Taming Your Smart Tech: Setting a Reliable Home Network for Your Devices

You want to have the most epic home network on the block. But, setting one up is easier said than done. Here’s how to do it without pulling your hair out.

Start With Good Hardware

At the end of the day, a lot of what makes a network stellar is in the service you get from your ISP and the hardware you use in your home. Buy the best that you can afford. If you skimp here, all the network tricks and hacks in the world won’t matter.

When setting up your network, you’ll be looking for throughput of data. This is the real-time network speed in action. A LAN Speed Test is a free utility for the Mac and PC that tests wired, as well as wireless, throughputs. It then reads and writes a file from two points on your network. It can measure the resulting speed from this data.

Wireless tools are also very useful for getting a better understanding of your network’s wireless signal strength and the interference from noise both in and outside the house. For example, let’s say you have multiple wireless devices in the house, transmitting a signal. If they’re all operating on the same frequency, you may not be able to get the speeds you think you should be getting because of interference.

A couple of free programs that can help you manage your wireless network are:

  • inSSIDer for PC
  • Netspot for Mac

Installing A Wired and Wireless Network

A connected smart home usually starts with premium cable, fiber, or standard phone line for a DSL connection. If you want a superior connection, start with a wired connection throughout the house. This may be the most difficult because, unless you’re willing to tear into the drywall, you’re not going to be able to wire the house for high-speed internet in a neat and “clean” way. You can still run wires through the home, but they’ll be visible, and probably not very visually appealing.

Many of the newer homes, like those sold by www.TalyorsEstateAgents.co.uk, are already wired up. But, if you live in an older home, you’ll need to think about how involved you want this project to be.

By running high-speed CAT 6 cables behind the walls, you can get strong wired connections for things like Roku, Apple T.V., and even some of your laptops (if you tend to work in one room all the time). Some electronics and appliances, would benefit from the wired connection even if they have wireless capabilities.

And, it lessens the load on the wireless network, which tends to get clogged when there are numerous devices accessing it at the same time.

The downside, of course, is the extra work it takes to properly run all the wires behind the walls.

A wireless network needs to be planned out such that the base station is located somewhere central in the home. If you place the router at one end of the house, then devices might find it difficult to access the connection at the other end of the home.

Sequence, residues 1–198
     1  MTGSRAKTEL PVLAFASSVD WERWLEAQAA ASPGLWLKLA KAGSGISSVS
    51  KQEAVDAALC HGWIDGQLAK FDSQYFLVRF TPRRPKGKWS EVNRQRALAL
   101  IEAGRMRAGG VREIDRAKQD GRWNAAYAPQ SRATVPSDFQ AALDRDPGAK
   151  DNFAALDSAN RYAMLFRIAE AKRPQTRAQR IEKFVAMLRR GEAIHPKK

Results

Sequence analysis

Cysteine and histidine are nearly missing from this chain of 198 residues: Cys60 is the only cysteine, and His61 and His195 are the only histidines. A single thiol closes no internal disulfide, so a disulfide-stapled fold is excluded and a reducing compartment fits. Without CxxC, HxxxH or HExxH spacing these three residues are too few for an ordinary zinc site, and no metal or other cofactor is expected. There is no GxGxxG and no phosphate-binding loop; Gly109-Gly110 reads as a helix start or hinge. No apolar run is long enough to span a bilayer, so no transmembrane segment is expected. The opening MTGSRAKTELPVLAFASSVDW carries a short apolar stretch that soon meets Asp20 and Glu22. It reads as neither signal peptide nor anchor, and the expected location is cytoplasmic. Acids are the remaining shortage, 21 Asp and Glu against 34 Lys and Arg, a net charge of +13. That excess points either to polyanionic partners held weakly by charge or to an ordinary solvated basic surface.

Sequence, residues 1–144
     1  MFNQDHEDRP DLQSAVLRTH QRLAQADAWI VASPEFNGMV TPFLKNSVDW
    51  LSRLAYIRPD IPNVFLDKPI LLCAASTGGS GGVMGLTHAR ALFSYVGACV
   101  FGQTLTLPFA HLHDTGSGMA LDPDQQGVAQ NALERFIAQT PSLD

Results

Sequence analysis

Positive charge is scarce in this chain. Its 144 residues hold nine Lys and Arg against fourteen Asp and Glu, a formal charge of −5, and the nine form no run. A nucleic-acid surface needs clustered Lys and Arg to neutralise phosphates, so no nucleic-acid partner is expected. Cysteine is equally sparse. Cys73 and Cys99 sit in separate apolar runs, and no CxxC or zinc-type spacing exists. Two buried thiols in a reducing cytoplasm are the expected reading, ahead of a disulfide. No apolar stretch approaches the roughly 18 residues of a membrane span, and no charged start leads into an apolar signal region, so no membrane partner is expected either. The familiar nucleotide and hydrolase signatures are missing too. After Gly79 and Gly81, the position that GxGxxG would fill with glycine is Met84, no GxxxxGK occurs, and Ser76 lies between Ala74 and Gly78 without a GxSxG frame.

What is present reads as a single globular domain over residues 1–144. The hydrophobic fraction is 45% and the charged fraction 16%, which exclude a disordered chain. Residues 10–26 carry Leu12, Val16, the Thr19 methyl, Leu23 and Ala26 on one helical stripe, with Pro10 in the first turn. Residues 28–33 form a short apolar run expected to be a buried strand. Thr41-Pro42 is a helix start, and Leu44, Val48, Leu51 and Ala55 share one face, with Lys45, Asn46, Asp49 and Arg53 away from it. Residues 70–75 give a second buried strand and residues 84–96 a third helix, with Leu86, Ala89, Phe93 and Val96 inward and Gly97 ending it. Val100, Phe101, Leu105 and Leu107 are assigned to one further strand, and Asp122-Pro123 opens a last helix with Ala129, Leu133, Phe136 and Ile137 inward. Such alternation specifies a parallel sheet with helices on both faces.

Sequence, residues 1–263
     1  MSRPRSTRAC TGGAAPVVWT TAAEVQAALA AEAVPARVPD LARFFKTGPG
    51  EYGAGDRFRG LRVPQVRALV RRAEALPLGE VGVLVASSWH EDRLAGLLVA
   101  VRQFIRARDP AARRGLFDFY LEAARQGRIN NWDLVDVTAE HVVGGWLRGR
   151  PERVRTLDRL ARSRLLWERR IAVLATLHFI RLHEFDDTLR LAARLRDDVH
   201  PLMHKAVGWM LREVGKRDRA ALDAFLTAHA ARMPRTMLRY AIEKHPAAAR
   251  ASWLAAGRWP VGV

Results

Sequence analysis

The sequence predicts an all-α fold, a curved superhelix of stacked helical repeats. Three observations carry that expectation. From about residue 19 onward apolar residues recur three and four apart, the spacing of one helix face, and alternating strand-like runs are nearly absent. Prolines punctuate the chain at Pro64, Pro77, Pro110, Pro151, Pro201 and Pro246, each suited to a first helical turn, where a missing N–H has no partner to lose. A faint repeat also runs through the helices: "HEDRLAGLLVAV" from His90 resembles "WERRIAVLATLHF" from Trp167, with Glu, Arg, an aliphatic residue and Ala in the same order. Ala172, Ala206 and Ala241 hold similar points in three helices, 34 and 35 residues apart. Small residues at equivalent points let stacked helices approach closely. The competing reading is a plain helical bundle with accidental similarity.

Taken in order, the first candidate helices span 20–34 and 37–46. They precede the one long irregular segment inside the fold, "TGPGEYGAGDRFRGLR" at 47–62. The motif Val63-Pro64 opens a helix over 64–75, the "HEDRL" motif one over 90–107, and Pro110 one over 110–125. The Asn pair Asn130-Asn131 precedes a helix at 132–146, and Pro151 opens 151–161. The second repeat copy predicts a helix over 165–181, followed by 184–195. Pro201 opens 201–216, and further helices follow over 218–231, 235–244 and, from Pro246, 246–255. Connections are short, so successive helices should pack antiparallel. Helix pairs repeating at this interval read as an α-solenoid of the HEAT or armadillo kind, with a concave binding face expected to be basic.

To solve this problem, what you can do is leave the modem where it is and just move the router to a different location in the home and connect it with high-speed cables.

If you have any devices that stream HD video, then you will want a wired connection for this. Usually, this means using either Cat 5e or Cat 6 cable.

If you have a lot of these kinds of devices or electronics, use an Ethernet Switch. An Ethernet Switch is a device that lets you connect multiple devices in the same area to your home’s network.

You will be able to pass traffic through without too much interference. The router connects to the switch, and the switch then routes the signals to various places around the home. And, devices connect to the switch indirectly through individual Ethernet outlets in each room.

How To Get Better Wi-Fi Coverage

Today’s standard Wi-Fi coverage is 802.11n, which has a maximum speed of 450Mbps. The newest standard (which isn’t yet common) is 802.11ac, which has a max speed of 1.7Gbps. The ac standard is backwards compatible, which means that it’ll work with older or slower devices.

And, Wi-Fi works on two different wireless radio frequencies. The most common one, by far, is the 2.4GHz band. The newer one is 5GHz. The benefit of the 2.4GHz band is that most devices operate on it, and so it’s very common. The disadvantage of this band is that, because there are so many devices on it, it’s rather crowded.

5GHz band is less crowded, but newer devices might not be able to operate on it.

But, even with the best router, you can’t always get good Wi-Fi coverage. This is why many people buy extenders to increase the range of the router. Range extenders boost the signal in your home, making it easier for your devices to “latch on” and send and receive data reliably over the network.

Chelsea Guzman is a geeky girl! She loves her tech and gadgets, and is often the person that her friends and family call when they experience internet issues.

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